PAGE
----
Jayananda gathered his materials by hook or crook. And sometimes (like his bhoga shopping) he could persuade some merchants to donate or give big discounts.
As for manpower, Jayananda would grab people off the streets or out of the temple – bums, hippies, lazy devotees – and get them to work day and night, even against their will. You just couldn't stop your lazy self from helping Jayananda, it was impossible. Jayananda's enthusiasm was a most powerful and contagious spiritual energy that spread and infected everybody around him. And carts that normally would take many thousands of dollars to build, Jayananda would just transcendentally extract all the materials and manpower from the very woodwork of the neighborhood, so to speak – and he would stir his transcendental cauldron with the ladle of his great love for Srila Prabhupada – and poof! ... there would magically appear out of thin air ... these wonderful and colorful and majestic carts for Lord Jagannatha! In this way, Jayananda pulled off a veritable miracle by building carts on a practically nothing budget. Who could imagine such a feat? But wherever there is Jayananda and his ragtag band of merry street urchins (and discount parts and lumber laying about), there will certainly be opulence, victory, and extraordinary power. And then these wonderful majestic carts will certainly be rolling down the streets of big cities with thousands of devotees loudly chanting and dancing all around them to bless everyone with the Lord's mercy.

Impossible is not a word in Jayananda's dictionary

Then the day before the Ratha-yatra parade, a strong wind blew the dome over and there was a big groaning sound in the metal, the beam snapped, it was broken and devotees freaked out and were crying in despair. Some GBC said the whole thing was off, there'd be no parade, and they would have to tell Srila Prabhupada the bad news. The fainthearted will perceive these kinds of things to be insurmountable, and they would give up and say it's impossible. But impossible is not a word in Jayananda's dictionary. As the cliché says, “When the going gets tough, the tough get going.” In devotee language it's more like – “When maya attacks the strongest, then devotees depend on Krishna even stronger.” This material world is full of trials and tribulations, some are like insurmountable oceans, but Krishna says “mam eva ye prapadyante mayam etam taranti te...”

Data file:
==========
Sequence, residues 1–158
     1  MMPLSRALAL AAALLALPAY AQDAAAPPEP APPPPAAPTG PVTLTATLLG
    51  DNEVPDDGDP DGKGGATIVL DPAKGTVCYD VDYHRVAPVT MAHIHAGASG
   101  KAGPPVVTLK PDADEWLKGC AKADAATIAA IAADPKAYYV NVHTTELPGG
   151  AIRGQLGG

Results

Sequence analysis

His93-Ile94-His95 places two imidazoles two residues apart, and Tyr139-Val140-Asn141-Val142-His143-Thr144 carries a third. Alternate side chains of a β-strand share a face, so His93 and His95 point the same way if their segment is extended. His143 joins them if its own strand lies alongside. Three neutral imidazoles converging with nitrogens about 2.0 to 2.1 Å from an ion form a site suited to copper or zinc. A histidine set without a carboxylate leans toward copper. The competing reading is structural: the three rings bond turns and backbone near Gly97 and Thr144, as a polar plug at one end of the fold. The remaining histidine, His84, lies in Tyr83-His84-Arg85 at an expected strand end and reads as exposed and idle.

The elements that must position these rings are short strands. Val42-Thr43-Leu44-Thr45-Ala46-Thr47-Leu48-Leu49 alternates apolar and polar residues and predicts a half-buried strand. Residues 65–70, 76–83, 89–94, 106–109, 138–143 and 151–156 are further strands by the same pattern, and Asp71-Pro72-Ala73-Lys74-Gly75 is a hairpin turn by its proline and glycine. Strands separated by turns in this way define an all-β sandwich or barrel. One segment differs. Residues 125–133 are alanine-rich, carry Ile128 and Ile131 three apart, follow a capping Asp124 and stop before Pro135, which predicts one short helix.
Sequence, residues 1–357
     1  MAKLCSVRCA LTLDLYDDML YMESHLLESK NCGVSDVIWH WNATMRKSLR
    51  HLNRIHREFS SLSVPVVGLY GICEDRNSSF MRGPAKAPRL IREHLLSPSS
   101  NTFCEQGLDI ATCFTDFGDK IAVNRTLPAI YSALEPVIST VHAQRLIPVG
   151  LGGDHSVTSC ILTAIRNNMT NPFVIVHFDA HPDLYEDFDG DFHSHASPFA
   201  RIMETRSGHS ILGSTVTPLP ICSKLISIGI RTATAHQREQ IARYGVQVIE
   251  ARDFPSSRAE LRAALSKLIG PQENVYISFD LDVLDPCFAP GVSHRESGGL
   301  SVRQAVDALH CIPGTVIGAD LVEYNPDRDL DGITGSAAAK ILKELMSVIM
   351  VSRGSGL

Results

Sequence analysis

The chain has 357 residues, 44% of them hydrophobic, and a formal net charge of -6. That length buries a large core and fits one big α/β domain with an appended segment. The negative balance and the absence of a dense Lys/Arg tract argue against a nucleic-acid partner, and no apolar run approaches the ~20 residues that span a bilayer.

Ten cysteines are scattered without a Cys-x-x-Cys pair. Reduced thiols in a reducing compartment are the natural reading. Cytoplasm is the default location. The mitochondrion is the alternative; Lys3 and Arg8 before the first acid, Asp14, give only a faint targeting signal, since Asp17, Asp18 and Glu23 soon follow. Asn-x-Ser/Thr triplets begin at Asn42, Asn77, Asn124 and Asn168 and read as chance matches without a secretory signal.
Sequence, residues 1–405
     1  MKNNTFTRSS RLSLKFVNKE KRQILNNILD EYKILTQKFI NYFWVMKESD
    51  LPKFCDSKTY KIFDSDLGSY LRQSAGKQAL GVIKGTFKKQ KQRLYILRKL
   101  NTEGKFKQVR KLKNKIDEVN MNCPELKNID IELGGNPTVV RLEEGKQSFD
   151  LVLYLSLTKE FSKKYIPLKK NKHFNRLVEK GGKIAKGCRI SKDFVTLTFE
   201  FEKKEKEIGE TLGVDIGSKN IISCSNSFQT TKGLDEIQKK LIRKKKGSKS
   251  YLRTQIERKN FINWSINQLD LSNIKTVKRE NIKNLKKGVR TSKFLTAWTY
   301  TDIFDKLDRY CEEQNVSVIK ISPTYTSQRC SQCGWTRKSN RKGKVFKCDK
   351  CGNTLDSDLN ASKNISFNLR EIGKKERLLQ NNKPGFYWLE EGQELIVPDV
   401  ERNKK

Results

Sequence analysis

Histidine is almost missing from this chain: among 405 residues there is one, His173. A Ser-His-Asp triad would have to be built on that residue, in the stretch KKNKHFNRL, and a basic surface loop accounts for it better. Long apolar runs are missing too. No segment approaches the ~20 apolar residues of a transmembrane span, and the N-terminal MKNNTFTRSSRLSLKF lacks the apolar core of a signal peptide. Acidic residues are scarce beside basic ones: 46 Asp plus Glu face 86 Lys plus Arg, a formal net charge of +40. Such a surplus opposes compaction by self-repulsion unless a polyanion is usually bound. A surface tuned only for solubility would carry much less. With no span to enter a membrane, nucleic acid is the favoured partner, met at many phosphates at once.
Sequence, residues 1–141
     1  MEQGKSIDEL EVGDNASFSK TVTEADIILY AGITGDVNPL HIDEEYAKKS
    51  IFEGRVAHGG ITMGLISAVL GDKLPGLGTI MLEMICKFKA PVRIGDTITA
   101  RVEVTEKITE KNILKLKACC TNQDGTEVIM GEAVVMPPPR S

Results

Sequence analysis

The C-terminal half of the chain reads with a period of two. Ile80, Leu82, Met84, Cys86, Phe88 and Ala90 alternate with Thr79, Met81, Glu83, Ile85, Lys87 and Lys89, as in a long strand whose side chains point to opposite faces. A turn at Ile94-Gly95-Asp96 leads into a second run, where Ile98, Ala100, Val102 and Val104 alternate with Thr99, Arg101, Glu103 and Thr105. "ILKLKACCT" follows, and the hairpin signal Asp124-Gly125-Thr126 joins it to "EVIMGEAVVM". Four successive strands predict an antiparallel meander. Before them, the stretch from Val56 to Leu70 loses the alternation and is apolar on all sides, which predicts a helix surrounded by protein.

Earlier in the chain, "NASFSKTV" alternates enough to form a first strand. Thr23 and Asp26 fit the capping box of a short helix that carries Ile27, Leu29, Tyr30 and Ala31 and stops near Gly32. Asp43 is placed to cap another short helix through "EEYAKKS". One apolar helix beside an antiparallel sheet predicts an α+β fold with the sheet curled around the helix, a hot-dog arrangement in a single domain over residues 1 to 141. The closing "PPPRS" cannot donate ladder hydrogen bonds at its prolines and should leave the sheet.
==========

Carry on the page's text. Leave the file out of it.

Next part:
This divine energy of Mine,
consisting of the three modes of material nature,
is difficult to overcome.
But those who have surrendered unto Me
can easily cross beyond it.
(Bhagavad-Gita 7.14)

Here Krishna says, “Those who surrender unto Me can easily cross beyond the ocean of maya.” And when a devotee surrenders to Krishna, then the oceanic difficulty shrinks down to the amount of water left in a calf's hoofprint, and he easily crosses over. So Adikeshava Dasa said, “Don't worry, we've got Jayananda.” Then Jayananda and his men rolled up their sleeves and went to work all that night. The next day, the beam was repaired and Lord Jagannatha's cart was rolling. This was Jayananda's superhuman activity in New York.

* * * * *

Right on up to the festival day in New York, Jayananda was becoming increasingly crippled with the swollen lymph glands on his legs. He could hardly walk. Especially during the last few days before the parade, nobody got any sleep at all; that kind of schedule was very rough for us young, strapping youths, so certainly it must have been devastating for Jayananda with his failing health. But the amazing thing was that this crippled and hobbling Jayananda miraculously danced and danced and danced like an energetic teenager throughout the entire Rathayatra parade! All the way down Fifth Avenue from Central Park to Tompkin's Square Park – fifty-two blocks – Jayananda was dancing and chanting Hare Krishna while steering Lord Jagannatha's cart in the lead. He sometimes turned around and walked backwards in order to enthusiastically look up at Lord Jagannatha's smiling face, then he would turn around again and skip forward, shouting “Jaya Jagannatha!” as he raised one hand in the air. There is a movie taken of that parade, and you can see Jayananda cavorting about like a wild young stallion. So this was incredible to witness such a level of transcendental devotion being manifest in his person, especially if you were aware that his body was actually very ill and unable to walk very well. – Dasaratha-suta Dasa

So I saw Jayananda at that moment. He was just ... the look on his face was so ecstatic, you know it was like his crowning triumph. I couldn't help just bursting into tears, and I turned around and Srila Prabhupada also was crying, looking at Jayananda. And he said, “I am so pleased with him because he is so sincere.” – Adi-keshava Dasa

This is a tribute not to yourself, but to your shiksha-guru, Sri Jayananda, who I do actually remember. I was a herbed-out surfer puke who dropped by the San Francisco temple in 1971, and he was there, dirty, intensely laboring without anyone helping him, working on a large wooden cart. He stopped long enough to take time to say hari-bol to me and talk to me as if I mattered. He truly took Sri Siksastakam as his life and soul. – Your friend, Mahaksha Dasa

Chapter 4 - Jayananda Serves the Holy Name